"We Are As Near To Heaven By Sea As By Land"
Context: Sir Humphrey Gilbert, stepbrother of Sir Walter Raleigh, was one of the many Elizabethan navigators, explorers, and soldiers who added luster to that period of history. He was educated at Eton and Oxford and was intended for the law, but adopted a military career instead. He served with distinction in Ireland and in France, and was knighted in 1570. As early as 1566 he and Anthony Jenkinson had petitioned Queen Elizabeth for a voyage to discover the Northeast Passage, and again the same year for a similar effort to locate the Northwest Passage; the latter petition was in his own name. After a year as a member of Parliament in 1571 he campaigned in the Netherlands; following this episode, he wrote a book on the desirability of a search for the Northwest. The work was widely circulated and encouraged a number of other adventurers. His charter was granted in 1578, authorizing him to discover new lands and occupy them. His first expedition, undertaken that year, was unsuccessful. In 1583 he set out again with a small fleet, arriving at Newfoundland in August. Here, at St. John's harbor, he established the first British colony in North America. He lost the largest of his ships near Cape Breton, and his party set out for England in the two remaining vessels. Gilbert was in the smaller of the two, the Squirrel. A tempest was encountered off the Azores; the Squirrel nearly foundered but recovered herself; and Gilbert, a book in one hand, called across to the Golden Hind that they were as close to heaven by sea as by land. That night the Squirrel's lights were seen to go out suddenly, and the crew of the Golden Hind knew she had been swallowed by the sea. In his Short History of the English People, Green recounts the great struggle between Puritanism and the government of England, which resulted in the stern despotism of James I and the Puritan migration to New England. He then summarizes British activities in the New World prior to 1620:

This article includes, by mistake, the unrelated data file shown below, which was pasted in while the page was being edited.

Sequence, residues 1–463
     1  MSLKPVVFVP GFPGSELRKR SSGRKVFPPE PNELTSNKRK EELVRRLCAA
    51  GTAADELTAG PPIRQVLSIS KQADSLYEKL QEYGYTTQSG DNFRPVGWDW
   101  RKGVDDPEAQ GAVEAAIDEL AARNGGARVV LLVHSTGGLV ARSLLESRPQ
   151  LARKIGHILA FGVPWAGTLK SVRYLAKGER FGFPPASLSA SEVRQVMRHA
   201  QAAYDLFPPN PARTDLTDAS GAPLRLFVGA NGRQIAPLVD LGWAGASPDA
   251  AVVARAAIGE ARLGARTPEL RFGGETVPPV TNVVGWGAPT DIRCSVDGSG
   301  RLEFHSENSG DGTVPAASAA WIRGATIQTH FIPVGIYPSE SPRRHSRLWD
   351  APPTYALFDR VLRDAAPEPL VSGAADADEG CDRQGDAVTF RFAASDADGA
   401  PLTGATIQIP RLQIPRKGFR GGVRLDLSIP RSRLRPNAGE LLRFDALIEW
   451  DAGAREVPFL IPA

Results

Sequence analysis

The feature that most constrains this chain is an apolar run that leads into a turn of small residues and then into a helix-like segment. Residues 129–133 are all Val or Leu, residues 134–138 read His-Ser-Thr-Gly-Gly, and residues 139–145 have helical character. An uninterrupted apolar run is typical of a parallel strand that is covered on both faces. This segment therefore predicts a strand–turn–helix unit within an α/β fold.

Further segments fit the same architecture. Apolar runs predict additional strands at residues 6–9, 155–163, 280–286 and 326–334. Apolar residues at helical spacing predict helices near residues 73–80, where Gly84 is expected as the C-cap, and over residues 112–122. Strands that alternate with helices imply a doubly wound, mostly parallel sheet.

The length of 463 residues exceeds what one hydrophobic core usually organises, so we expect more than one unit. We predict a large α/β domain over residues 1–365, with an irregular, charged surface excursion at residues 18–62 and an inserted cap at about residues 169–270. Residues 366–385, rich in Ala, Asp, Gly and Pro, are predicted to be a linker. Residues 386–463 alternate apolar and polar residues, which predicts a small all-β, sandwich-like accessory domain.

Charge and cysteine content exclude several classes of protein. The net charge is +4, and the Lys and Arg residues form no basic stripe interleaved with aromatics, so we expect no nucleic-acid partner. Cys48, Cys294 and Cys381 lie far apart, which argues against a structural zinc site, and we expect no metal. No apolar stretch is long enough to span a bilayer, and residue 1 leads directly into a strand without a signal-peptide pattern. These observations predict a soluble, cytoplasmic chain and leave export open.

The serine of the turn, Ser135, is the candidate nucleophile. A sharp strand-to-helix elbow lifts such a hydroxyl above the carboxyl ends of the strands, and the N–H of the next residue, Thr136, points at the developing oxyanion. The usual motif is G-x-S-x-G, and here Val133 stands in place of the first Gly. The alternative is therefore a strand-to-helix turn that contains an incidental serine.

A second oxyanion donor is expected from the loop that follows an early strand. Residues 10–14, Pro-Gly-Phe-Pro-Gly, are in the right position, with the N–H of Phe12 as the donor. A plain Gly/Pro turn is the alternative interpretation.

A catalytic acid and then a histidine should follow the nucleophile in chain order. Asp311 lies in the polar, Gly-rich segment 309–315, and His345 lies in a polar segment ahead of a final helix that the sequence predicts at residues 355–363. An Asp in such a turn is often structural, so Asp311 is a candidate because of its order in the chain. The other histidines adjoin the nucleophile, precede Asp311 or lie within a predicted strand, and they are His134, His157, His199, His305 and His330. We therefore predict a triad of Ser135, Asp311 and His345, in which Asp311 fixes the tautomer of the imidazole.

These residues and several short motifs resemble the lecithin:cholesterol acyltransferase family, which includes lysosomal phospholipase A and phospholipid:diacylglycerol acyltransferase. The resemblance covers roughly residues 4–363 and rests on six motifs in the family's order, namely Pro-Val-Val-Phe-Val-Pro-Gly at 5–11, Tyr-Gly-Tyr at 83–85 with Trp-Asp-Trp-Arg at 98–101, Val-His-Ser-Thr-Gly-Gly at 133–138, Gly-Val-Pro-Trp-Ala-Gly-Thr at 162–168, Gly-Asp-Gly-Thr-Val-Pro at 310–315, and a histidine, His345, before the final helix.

. . . England had reached the mainland even earlier than Spain, for before Columbus touched its shores Sebastian Cabot, a seaman of Genoese blood born and bred in England, sailed with an English crew from Bristol in 1497, and pushed along the coast of America to the south as far as Florida, and northward as high as Hudson's Bay. But no Englishman followed on the track of this bold adventurer; and while Spain built up her empire in the New World, the English seamen reaped a humbler harvest in the fisheries of Newfoundland. It was not till the reign of Elizabeth that the thoughts of Englishmen turned again to the New World. The dream of finding a passage to Asia by a voyage round the northern coast of the American continent drew a west-country seaman, Martin Frobisher, to the coast of Labrador, and the news which he brought back of the existence of gold mines there set adventurers cruising among the icebergs of Baffin's Bay. Luckily the quest for gold proved a vain one; and the nobler spirits among those who had engaged in it turned to plans of colonization. But the country, vexed by long winters and thinly peopled by warlike tribes of Indians, gave a rough welcome to the earlier colonists. After a fruitless attempt to form a settlement, Sir Humphry Gilbert, one of the noblest spirits of his time, turned homewards again, to find his fate in the stormy seas. "We are as near to Heaven by sea as by land," were the famous words he was heard to utter, ere the light of his little bark was lost for ever in the darkness of the night. . . .